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NIH-Funded Study Is First to Demonstrate Increased Long-Term Survival With Favorable Neurologic Function Among Patients Receiving CPR Using ACSI ResQPump® and ResQPOD® CPR D...

Wed, 01/19/2011 - 8:35am
Bio-Medicine.Org

ROSEVILLE, Minn., Jan. 19, 2011 /PRNewswire/ -- A combination of two devices could save the lives of thousands of cardiac arrest patients each year if implemented nationwide, suggests clinical trial results published in today's online edition of The Lancet. A significantly higher percentage of patients who experienced out-of-hospital cardiac arrest survived after receiving active compression decompression cardiopulmonary resuscitation (ACD CPR) performed with the ResQPump®, and the ResQPOD® impedance threshold device, as compared to those receiving conventional, manual CPR performed with a pair of hands. Both devices are manufactured by Advanced Circulatory Systems, Inc. (ACSI) in Roseville, Minn.

Dr. Tom P. Aufderheide, Professor of Emergency Medicine at the Medical College of Wisconsin in Milwaukee (Wisconsin) was first author and a principal investigator at one of the study sites.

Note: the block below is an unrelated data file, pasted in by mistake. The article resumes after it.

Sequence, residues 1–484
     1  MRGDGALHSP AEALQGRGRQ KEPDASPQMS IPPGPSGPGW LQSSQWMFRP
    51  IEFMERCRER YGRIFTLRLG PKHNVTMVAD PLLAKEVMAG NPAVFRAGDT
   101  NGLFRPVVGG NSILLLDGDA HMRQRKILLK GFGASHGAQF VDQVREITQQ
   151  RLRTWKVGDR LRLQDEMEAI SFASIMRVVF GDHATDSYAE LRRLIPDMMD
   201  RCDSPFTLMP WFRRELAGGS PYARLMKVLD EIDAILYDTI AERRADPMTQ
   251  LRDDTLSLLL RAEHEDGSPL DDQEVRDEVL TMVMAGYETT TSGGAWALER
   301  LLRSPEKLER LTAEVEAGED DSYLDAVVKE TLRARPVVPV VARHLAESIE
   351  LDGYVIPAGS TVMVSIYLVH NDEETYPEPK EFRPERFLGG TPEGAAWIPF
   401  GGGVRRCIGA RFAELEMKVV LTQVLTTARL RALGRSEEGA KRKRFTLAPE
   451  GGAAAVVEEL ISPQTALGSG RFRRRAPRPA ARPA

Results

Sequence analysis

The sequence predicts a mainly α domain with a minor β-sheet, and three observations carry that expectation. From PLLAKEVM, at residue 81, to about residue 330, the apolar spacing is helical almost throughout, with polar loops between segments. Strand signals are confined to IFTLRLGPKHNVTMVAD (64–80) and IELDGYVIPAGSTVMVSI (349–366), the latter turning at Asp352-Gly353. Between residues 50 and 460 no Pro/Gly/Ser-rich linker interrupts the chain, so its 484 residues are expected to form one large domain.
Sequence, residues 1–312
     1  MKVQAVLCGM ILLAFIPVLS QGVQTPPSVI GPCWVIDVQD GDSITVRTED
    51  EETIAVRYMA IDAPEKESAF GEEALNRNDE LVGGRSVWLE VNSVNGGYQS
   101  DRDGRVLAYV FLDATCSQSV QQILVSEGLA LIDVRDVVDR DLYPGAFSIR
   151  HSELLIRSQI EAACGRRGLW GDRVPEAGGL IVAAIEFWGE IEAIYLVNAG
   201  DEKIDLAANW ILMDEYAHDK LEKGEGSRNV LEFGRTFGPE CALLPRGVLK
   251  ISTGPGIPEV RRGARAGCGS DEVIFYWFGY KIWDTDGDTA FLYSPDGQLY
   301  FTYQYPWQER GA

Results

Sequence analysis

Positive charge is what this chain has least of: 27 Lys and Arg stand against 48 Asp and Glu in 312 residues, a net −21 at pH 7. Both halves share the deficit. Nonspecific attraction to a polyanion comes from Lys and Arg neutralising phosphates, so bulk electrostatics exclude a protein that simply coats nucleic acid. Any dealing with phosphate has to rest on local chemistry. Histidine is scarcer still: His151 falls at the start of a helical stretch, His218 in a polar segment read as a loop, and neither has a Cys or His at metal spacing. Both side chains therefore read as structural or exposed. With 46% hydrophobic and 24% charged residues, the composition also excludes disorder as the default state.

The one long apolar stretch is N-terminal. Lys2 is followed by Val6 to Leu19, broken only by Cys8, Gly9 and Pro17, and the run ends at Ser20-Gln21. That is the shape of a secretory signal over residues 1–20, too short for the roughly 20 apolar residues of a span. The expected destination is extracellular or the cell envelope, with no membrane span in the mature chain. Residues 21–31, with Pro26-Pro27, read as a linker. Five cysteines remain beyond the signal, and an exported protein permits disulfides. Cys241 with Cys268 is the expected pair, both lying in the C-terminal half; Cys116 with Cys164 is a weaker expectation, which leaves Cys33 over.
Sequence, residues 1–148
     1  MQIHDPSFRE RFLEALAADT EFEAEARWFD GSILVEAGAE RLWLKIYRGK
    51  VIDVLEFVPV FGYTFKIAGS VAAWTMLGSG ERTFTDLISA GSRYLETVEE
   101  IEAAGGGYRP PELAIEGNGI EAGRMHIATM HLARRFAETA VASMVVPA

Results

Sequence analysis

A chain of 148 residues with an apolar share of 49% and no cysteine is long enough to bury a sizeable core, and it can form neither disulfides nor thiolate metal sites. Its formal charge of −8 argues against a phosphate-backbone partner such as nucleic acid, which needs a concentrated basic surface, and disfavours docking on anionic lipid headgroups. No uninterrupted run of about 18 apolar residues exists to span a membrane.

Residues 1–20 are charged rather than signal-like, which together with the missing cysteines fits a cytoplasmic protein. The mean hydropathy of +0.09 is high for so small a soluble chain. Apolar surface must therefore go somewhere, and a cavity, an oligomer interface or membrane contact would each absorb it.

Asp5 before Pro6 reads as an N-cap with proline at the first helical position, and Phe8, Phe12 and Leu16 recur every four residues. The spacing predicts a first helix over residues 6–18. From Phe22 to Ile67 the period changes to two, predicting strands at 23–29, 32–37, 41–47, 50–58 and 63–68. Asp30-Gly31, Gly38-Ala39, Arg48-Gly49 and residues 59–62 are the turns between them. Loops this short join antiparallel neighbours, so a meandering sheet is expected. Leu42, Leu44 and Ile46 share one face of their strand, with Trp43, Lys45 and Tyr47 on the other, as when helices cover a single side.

"The goal of resuscitation during cardiac arrest is long-term survival with preservation of brain function," commented Dr. Aufderheide. "This new, effective intervention achieves that goal and is potentially the most significant advancement in the treatment of cardiac arrest since defibrillation."

Ralph J. Frascone, MD, Associate Professor of Emergency Medicine at the University of Minnesota and emergency medical services (EMS) medical director at Regions Hospital in St. Paul (Minnesota) commented further. "Each year, approximately 300,000 Americans experience out-of-hospital cardiac arrest, and the national average for survival to hospital discharge is dismal – only about 5 percent," Dr. Frascone said. "However, in this study, patients who received CPR by rescuers using the device combination had a 53 percent higher survival to hospital discharge rate with favorable neurologic function than those who did not, and, a significant survival benefit was still present one year after the initial cardiac arrest event."

Funded by the Nation

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